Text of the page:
Posted in Slice of LIfe, Writing

A Slice of Life Post: Feedback on First Pages

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Hello everyone. I hope all is well with you! I’m back again with another Slice of Life Post. Today, I’m asking for some feedback from all you talented people. I’m posting the first page of my WIP. I’ve written the beginning two ways, and I’d love to hear which page you like better. Which one grabs your attention the most and pulls you into the story.

I’ve never done this before and I’m kind of nervous. 🙂 Any feedback you can give me would be greatly appreciated!  Leave a comment and let me know what you think. :).

Photo credit: ukgardenphotos via VisualHunt / CC BY-NC-ND


First Page One

Chapter One

Mia disappeared on the second Monday of summer vacation. I remember it like it was yesterday, the sticky heat and the heady aroma of wisteria as we traveled through the woods. The forest our parents forbade us to enter. Too dangerous, they’d said. Supposedly, homeless people congregated in the area near an old well, but I’d never seen them and neither had Mia. So we ignored our parents’ warnings. In all the youthful wisdom of seventeen- year-olds, we figured nothing had ever happened in this forest, or in our boring little town of Cloverdale for that matter.

It was the heat that drove us to the woods that day. The cover of the trees looked so cool and inviting we couldn’t resist, but even in the shade there was no escaping the paralyzing temperature. Sweat rolled down my back, soaking into my denim shorts. The damp waistband rubbed against my skin, making me irritable. The humidity was getting to Mia, too. I could tell because she made a dig at me, hit me at my most vulnerable spot. That’s when it all started to unravel.

“I’d give anything to be riding in an air-conditioned car right now, Claire.” She gave me a dark look as she wiped her brow.

“That’s mean.” I averted my gaze as my face grew hot. I didn’t think I could get any hotter, but here it was happening.

“Oh, don’t be so sensitive. I was just making a simple statement. It has nothing to do with your issue.”


Photo credit: m01229 via Visual hunt / CC BY-NC


Second First Page

I knew something had gone terribly wrong when I discovered Mia’s pink flip flop lying in the middle of the trail. My heart jumped to my throat as I picked it up with trembling fingers. This was so unlike Mia, she’d never leave her sandal in the woods. She’d consider the act a desecration of the earth.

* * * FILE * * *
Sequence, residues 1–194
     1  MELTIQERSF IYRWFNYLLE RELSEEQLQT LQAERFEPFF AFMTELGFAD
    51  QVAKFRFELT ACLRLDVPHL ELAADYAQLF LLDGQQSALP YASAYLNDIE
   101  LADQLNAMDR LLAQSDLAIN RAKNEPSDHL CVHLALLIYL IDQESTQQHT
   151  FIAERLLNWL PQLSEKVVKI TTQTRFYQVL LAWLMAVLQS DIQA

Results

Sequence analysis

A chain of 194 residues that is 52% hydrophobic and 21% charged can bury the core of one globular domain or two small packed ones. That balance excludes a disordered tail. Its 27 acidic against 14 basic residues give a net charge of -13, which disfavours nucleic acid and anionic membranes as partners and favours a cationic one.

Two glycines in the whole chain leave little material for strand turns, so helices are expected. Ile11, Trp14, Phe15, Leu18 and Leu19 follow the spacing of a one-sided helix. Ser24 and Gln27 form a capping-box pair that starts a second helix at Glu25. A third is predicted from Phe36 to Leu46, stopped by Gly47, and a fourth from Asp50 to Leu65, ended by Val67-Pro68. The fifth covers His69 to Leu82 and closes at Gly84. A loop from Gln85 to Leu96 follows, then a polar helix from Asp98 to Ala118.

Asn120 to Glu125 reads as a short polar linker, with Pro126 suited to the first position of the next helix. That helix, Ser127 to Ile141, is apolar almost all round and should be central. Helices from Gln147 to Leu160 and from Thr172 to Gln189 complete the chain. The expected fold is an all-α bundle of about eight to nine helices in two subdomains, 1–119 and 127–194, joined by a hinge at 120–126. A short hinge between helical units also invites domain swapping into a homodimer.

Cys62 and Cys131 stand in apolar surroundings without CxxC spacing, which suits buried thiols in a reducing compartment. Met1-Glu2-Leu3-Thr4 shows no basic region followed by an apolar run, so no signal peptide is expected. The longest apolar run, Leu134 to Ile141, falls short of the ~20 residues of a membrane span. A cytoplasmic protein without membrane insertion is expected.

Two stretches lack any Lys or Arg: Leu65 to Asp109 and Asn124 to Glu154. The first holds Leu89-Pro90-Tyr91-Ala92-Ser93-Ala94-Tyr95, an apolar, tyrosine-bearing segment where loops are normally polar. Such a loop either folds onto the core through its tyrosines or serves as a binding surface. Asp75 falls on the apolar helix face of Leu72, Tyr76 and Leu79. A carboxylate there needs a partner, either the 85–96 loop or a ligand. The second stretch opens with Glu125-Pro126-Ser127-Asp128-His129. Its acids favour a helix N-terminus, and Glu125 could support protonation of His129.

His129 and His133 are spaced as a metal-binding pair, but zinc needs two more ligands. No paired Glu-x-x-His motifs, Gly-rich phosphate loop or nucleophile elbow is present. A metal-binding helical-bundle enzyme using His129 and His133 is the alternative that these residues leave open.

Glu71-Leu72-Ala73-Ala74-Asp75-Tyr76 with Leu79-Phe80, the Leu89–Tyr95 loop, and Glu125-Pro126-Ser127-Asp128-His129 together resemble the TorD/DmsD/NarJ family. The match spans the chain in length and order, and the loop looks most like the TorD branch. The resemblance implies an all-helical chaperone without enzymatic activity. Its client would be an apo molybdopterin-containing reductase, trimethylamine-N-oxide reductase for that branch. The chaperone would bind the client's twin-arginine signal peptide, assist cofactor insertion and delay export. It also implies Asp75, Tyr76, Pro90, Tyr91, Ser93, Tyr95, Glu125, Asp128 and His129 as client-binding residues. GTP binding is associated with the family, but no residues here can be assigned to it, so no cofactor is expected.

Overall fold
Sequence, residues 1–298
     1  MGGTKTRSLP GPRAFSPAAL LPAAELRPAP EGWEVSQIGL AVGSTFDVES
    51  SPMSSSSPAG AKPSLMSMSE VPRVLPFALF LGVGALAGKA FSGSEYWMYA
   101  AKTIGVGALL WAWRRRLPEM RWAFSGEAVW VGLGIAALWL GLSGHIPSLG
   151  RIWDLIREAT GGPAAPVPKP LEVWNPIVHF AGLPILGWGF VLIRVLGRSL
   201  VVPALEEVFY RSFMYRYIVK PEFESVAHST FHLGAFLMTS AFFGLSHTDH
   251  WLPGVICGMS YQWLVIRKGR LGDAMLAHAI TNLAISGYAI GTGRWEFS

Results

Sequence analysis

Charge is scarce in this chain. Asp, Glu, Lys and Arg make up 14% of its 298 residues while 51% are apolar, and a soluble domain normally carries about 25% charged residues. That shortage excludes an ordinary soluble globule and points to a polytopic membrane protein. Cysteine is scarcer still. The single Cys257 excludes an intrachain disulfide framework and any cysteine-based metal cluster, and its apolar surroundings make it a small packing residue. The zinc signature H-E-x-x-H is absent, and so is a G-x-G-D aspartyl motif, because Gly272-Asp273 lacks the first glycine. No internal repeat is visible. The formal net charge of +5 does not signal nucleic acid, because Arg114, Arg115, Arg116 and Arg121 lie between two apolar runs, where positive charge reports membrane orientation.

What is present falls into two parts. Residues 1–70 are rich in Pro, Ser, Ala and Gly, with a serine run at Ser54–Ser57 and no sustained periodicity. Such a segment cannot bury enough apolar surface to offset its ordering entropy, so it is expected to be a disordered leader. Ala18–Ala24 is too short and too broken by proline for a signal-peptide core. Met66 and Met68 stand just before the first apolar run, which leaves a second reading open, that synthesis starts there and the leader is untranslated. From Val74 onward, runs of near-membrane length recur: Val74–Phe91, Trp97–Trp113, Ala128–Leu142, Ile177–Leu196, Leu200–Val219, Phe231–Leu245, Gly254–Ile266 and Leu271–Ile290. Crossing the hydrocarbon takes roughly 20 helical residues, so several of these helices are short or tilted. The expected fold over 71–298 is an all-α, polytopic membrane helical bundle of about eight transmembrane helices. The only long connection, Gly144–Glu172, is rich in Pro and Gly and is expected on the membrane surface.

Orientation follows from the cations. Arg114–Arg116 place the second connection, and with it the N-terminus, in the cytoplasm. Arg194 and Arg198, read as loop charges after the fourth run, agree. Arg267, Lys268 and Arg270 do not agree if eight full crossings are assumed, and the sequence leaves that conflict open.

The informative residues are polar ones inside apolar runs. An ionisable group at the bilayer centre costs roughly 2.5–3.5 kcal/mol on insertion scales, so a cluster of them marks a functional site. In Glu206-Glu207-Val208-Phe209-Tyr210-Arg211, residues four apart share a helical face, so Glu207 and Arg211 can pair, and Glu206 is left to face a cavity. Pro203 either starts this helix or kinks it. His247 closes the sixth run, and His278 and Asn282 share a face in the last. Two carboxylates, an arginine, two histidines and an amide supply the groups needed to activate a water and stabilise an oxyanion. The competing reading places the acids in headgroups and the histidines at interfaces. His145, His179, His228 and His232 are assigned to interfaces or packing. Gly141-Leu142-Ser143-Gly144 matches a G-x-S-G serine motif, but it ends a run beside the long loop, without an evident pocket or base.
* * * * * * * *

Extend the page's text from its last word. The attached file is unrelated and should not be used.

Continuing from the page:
Searching the area, I pulled out my cell phone and punched in her number. I waited for that spirited voice I knew so well. All I got was a single beep informing me my phone was out of juice. I almost threw it in the woods. How could Mia get so far ahead of me? Especially in those flip flops? Correction. One flip flop. We’d only been separated for sixteen minutes.

She couldn’t. I was Claire Peters. Cross country star. There’s no way she’d out pace me. I stiffened as anxiety exploded through me like a current of electricity. I took a quivering step forward and called out to her. “Mia!” I cocked my head, listening.

The only answer I received was the far-off squawk of a blue jay. I peered around me, searching for a flash of blue from her T-shirt or a glimmer of her dark curls between the leaves. Nothing. The warning our parents gave us burst through my brain like hot lava explodes from a volcano.. Don’t go in the woods. They’re dangerous. Dangerous. Dangerous.


There they are. Which first page grabbed your attention more? Which one made you want to keep reading? If neither one peaked your interest, let me know that, too! Please leave a comment! I appreciate your feedback!

If you’d like to read other Slice of Life Posts click here.








I'm a Young Adult Author with two new series, "The Starlight Chronicles" and "The Super Spies." The first one's a coming of age series and the second one's a mystery/thriller series. I'm also the mother of two boys who keep me hopping and they're my inspiration for everything. When I'm not shuttling my boys to school or a play date, I'm writing. When I'm not writing, I'm reading, hiking, or sometimes running. I love anything chocolate and scary movies too.

36 thoughts on “A Slice of Life Post: Feedback on First Pages

  1. Hi LIsa! I seem to connect to the second draft more so than the first. Could be because I am a runner and my daughter ran XC in high school. I felt like the first draft lacked clarity or development of the animosity between the two girls but the second draft left me wanting to read on…where is Mia, why were the girls in the woods.